I borrowed this lesson from Amanda Weber-Welch at Gresham High School in Oregon who borrowed it from Carol Kilpatrick when she was at West Linn High. Weber-Welch has done the fish activity for the last two years, but this is my first time.
To set the tone, I tell the kids that I am fed up with their behavior (I act frustrated with them for a couple of days beforehand). I lecture that they need practice in discipline. I act tough. I stay tough.
On the day of the lesson, I begin by telling them that for the next 10 minutes they must sit silently at their desks, looking straight ahead, hands folded neatly. If anyone makes a move or a sound, they get detention or a referral.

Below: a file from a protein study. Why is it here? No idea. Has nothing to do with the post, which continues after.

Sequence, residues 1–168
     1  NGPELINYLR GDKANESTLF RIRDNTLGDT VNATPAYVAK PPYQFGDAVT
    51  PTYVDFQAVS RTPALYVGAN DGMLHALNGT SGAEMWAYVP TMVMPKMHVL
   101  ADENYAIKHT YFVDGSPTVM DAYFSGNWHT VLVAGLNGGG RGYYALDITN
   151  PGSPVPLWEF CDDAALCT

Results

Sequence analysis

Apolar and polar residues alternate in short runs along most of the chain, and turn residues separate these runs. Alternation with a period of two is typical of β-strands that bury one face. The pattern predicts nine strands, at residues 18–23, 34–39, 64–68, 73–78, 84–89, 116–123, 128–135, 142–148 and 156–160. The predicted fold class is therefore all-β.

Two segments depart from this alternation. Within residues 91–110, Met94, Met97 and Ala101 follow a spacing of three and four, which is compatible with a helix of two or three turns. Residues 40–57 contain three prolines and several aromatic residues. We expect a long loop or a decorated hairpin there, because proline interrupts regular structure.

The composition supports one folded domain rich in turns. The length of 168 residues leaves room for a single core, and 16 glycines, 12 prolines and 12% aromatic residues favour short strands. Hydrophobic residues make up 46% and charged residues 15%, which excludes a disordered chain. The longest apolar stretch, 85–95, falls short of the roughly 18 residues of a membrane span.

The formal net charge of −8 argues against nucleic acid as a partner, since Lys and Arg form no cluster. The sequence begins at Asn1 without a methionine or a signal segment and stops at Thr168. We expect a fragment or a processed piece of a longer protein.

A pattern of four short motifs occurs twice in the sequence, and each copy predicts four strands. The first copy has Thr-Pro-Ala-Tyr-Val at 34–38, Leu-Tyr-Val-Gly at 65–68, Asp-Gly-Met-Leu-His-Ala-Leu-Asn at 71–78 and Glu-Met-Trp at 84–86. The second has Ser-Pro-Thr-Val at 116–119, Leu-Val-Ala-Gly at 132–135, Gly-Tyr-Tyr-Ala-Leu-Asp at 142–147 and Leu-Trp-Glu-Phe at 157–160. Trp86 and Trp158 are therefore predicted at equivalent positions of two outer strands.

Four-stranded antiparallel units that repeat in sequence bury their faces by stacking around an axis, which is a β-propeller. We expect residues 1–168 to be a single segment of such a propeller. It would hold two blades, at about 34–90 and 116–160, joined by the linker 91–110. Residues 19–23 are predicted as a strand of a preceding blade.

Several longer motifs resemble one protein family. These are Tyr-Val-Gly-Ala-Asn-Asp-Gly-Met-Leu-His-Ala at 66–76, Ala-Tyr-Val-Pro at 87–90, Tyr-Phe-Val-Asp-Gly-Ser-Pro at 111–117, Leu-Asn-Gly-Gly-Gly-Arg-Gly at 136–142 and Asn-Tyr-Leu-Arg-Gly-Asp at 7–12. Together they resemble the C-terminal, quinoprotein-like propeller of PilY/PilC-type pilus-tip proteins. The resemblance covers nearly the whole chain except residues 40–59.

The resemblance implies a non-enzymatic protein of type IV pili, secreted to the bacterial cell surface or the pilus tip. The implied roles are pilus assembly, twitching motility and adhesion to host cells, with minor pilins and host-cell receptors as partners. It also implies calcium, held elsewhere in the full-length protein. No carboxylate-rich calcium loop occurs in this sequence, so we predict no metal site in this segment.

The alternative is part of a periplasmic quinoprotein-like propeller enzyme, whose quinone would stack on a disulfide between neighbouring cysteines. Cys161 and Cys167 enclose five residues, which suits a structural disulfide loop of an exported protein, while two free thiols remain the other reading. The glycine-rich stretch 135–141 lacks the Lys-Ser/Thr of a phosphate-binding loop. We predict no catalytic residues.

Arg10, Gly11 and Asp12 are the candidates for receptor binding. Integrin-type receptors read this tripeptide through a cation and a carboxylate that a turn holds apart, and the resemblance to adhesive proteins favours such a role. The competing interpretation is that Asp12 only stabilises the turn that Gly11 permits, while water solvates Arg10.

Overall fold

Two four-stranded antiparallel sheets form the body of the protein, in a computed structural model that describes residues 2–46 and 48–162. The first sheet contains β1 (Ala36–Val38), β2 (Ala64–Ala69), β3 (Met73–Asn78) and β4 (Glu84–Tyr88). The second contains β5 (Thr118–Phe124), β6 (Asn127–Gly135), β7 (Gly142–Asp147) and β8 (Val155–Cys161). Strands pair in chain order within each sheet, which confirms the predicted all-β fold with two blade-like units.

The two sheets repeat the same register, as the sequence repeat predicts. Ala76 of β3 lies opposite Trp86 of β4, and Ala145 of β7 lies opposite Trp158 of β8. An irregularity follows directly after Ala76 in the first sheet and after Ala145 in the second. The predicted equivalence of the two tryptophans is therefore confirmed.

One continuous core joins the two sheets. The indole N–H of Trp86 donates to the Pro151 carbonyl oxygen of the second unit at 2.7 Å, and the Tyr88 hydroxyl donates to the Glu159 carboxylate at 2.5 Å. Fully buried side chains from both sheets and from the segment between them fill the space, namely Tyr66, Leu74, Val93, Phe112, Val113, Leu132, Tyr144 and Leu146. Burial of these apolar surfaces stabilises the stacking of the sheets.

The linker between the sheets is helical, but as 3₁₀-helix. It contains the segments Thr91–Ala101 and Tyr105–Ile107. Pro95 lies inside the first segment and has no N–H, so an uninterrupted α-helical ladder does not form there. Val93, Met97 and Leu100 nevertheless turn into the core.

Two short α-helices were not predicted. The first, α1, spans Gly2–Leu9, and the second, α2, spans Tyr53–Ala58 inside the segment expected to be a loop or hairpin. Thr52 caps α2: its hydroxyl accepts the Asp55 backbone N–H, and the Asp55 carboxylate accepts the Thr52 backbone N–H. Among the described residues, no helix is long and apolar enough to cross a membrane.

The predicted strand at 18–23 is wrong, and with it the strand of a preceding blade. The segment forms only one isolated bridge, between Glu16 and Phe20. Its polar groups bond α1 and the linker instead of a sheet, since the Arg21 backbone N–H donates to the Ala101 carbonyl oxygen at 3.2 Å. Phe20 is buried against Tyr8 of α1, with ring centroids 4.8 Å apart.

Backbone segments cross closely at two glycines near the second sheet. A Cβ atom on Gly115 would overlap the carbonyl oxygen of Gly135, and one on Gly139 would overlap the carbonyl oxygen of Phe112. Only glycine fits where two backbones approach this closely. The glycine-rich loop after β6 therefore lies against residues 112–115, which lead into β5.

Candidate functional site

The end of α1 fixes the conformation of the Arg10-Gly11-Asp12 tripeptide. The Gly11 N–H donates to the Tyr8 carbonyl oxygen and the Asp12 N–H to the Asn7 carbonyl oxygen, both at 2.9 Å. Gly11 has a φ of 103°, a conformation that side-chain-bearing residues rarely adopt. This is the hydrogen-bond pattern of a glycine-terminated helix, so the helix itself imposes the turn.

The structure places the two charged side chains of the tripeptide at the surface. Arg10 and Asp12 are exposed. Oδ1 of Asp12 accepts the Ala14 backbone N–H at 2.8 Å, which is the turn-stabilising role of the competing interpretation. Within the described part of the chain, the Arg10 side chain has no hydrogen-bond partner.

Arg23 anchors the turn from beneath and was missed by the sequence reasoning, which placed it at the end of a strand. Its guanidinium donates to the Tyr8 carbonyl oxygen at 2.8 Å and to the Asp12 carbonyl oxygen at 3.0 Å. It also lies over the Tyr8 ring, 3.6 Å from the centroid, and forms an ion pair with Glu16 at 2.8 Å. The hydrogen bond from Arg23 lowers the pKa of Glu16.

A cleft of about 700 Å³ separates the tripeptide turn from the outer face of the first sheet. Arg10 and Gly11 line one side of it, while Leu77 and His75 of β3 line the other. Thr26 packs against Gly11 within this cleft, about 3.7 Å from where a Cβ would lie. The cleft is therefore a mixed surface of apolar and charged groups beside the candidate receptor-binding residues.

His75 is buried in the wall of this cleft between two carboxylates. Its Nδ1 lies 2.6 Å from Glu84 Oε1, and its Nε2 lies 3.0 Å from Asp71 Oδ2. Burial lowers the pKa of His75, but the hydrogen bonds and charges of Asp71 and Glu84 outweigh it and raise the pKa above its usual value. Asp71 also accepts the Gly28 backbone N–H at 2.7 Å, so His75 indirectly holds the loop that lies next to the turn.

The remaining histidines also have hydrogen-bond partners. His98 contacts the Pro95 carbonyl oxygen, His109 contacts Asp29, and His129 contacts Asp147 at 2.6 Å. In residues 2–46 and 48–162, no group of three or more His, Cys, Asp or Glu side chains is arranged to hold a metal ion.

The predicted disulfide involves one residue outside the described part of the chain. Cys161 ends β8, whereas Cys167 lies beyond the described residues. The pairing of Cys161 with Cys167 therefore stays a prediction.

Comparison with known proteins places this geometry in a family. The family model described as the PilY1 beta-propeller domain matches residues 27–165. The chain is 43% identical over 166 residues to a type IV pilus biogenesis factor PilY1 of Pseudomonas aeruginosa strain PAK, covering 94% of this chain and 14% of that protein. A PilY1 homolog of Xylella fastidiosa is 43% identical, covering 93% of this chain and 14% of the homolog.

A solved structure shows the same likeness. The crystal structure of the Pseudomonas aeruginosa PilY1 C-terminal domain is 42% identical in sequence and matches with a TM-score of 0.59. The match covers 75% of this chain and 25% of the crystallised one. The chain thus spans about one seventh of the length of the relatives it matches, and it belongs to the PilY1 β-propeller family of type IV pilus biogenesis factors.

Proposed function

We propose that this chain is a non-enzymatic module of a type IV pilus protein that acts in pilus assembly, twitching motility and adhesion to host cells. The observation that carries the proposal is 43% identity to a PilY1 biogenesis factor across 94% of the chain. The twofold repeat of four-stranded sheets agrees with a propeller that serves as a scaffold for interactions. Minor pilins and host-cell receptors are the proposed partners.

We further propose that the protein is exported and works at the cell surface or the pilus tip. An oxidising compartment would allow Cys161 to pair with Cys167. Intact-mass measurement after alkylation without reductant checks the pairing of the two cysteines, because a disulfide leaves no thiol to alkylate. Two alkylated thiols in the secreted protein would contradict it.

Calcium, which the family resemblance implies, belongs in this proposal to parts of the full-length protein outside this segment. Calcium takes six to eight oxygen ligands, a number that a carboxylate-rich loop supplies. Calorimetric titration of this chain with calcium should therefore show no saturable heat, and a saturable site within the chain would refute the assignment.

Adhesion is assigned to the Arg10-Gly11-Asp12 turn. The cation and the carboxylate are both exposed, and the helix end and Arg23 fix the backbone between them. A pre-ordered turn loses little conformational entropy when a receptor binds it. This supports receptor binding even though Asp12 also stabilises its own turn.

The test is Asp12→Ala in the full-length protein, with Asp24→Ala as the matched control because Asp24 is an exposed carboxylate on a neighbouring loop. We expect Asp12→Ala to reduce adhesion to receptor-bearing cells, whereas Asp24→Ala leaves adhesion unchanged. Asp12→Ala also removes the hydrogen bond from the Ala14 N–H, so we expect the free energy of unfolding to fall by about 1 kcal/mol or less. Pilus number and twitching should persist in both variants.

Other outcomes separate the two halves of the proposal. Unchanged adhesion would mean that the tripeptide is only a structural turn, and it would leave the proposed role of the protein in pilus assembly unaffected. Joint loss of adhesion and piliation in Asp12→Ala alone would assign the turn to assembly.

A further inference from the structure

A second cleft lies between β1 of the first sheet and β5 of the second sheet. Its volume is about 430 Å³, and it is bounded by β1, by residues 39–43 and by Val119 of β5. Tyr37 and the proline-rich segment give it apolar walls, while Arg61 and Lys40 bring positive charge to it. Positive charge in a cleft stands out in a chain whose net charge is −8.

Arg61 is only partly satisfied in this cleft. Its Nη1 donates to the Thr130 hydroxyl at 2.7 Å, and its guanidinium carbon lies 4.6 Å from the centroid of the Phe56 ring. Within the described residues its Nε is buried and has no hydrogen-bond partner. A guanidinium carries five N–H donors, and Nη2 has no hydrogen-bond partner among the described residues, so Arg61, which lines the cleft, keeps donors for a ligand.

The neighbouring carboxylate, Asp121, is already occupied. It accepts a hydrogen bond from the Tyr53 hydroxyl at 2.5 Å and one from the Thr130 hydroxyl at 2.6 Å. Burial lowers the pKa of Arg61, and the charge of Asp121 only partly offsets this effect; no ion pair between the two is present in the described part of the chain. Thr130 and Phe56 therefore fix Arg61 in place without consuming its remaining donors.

Then, casually, I scoop the fish out of the bowl and onto a table in front of the kids. I wait. I have been told that the fish can live for at least five minutes out of water. I don't want to risk more than two or three minutes. As kids move or shout I write down their names and warn them again.
Eventually, either a kid saves the fish or I put it back. Then comes the discussion. I start with, "Why did we just go through that? What am I trying to teach here?" At first some kids think it is about discipline, but they catch on quickly.